Emma Bonino *
The Financial Times


Further to Prof. Redwood’s letter (October 10) and other recent interventions - rather emotional at times - on the subject of anti-dumping duties on leather footwear from China and Vietnam,it may be helpful to remind your readers that WTO explicitely provides for trade defence instruments to sanction uncompetitive behaviour that distorts markets and has damaging effects for consumers.
Anti-dumping duties are namely applied temporarily to defend one’s market from imports of under-priced goods aimed at causing injury to domestic producers, thereby gaining greater market share. This is what happened in the case of leather footwear which is debated today: nothing more, nothing less. All WTO members are familiar with, fully accept and make abundant use of these instruments.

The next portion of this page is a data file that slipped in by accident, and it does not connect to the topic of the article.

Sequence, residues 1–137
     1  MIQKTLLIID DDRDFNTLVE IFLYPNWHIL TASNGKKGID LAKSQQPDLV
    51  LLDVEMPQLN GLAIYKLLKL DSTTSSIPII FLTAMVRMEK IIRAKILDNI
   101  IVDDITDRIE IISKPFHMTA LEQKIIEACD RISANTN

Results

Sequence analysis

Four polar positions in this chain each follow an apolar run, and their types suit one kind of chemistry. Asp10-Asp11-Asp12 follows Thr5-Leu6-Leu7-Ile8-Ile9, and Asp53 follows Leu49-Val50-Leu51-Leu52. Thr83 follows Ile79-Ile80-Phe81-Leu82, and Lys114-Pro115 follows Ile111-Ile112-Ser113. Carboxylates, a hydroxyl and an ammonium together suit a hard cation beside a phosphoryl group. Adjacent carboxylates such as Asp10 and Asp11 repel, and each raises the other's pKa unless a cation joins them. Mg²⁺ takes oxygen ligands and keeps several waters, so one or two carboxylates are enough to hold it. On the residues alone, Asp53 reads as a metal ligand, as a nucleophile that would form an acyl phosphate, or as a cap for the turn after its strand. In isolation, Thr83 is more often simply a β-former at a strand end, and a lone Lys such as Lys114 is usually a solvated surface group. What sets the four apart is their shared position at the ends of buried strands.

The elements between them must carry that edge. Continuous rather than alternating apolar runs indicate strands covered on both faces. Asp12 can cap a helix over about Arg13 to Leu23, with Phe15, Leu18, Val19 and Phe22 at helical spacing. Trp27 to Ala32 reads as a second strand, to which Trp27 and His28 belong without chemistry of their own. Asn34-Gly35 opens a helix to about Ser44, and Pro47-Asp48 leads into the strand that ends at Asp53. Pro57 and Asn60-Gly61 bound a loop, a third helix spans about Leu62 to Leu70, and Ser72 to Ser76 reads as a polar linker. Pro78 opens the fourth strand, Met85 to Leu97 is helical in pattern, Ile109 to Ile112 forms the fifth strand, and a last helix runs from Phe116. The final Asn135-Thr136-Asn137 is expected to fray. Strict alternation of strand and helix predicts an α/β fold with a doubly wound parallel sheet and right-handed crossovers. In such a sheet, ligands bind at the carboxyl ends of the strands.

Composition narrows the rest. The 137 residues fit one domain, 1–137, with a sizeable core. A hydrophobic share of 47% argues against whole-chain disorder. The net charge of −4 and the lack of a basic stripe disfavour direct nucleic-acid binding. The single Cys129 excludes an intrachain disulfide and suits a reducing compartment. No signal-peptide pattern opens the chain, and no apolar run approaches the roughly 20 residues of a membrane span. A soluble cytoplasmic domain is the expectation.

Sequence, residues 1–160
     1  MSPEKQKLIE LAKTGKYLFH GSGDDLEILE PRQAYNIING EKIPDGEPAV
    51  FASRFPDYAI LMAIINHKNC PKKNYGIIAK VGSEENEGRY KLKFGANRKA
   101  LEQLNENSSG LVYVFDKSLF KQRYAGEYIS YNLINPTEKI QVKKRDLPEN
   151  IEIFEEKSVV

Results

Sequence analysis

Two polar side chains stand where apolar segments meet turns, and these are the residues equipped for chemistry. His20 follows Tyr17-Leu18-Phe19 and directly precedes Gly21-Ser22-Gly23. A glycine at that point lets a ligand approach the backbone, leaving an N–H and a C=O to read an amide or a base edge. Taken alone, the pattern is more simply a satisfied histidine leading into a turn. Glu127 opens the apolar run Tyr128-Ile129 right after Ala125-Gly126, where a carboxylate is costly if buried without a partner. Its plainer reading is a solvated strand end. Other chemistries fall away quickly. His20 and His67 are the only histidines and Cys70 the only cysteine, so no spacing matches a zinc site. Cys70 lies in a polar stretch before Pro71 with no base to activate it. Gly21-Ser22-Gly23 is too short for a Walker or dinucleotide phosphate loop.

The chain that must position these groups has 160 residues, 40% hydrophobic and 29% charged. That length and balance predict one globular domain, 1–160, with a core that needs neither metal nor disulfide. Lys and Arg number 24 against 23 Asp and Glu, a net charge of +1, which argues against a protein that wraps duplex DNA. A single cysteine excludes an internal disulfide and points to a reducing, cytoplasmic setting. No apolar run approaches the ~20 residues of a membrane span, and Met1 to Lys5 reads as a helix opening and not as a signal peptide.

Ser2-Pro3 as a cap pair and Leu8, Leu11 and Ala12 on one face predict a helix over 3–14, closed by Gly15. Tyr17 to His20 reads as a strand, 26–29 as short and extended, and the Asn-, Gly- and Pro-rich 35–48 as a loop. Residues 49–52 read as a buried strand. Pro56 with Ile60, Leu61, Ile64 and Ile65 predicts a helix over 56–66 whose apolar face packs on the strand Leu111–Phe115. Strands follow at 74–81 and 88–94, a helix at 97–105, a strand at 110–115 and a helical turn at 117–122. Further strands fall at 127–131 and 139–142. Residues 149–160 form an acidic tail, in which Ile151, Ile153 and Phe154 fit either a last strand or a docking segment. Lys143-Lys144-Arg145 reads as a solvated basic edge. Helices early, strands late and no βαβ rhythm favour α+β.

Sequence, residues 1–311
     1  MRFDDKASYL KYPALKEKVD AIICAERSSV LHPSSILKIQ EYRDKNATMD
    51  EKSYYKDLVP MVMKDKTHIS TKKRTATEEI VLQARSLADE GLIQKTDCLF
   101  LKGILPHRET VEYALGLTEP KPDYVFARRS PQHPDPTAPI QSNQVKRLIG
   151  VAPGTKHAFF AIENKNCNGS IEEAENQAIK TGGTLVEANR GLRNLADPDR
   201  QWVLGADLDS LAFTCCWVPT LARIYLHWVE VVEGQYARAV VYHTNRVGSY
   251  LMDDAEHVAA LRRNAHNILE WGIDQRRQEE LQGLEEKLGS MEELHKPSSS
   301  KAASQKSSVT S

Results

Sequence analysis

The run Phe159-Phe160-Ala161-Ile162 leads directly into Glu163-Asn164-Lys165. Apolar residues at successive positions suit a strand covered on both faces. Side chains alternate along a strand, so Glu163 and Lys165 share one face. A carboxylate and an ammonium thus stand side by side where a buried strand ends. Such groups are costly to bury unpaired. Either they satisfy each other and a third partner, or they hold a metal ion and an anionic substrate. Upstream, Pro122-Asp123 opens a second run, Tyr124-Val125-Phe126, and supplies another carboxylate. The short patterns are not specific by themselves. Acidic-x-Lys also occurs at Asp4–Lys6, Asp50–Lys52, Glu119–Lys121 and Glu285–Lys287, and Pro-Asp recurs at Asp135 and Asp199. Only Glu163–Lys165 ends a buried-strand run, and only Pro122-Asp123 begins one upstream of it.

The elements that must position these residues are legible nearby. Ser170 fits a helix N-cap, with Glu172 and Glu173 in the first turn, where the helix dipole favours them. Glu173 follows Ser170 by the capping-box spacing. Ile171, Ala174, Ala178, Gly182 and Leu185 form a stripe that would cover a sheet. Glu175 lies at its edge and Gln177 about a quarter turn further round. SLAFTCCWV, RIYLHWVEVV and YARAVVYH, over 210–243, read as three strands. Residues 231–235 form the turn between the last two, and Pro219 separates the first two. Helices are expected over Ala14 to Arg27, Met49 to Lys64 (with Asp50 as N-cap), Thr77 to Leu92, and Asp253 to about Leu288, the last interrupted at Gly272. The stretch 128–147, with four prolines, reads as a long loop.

The European Union, with 24 anti-dumping and two anti-subsidies cases opened in 2005, has consistently proved to be among the most moderate users of trade defence tools within WTO (only 11,5% of cases worldwide). Contrary to the argument recurrently used in your columns,anti-dumping procedures are not a “Club-Med” feature in EU affairs: all European countries with a strong industrial background regularly appeal for anti-dumping measures. Anti-dumping measures have been invoked and decided, in a spirit of solidarity, for goods as different as salmon, light bulbs, DVDs and bicycles. There is no geographic divide within the EU, of the sort frequently evoked in the current debate: with liberal, consumer-friendly northern members and the south protectionist and prone to perverse horse-trading.
On this very subject, Europe, whatever the latitude, is inclined to speak with one voice, albeit not on the same products.

* Minister for International Trade and European Affairs, Italy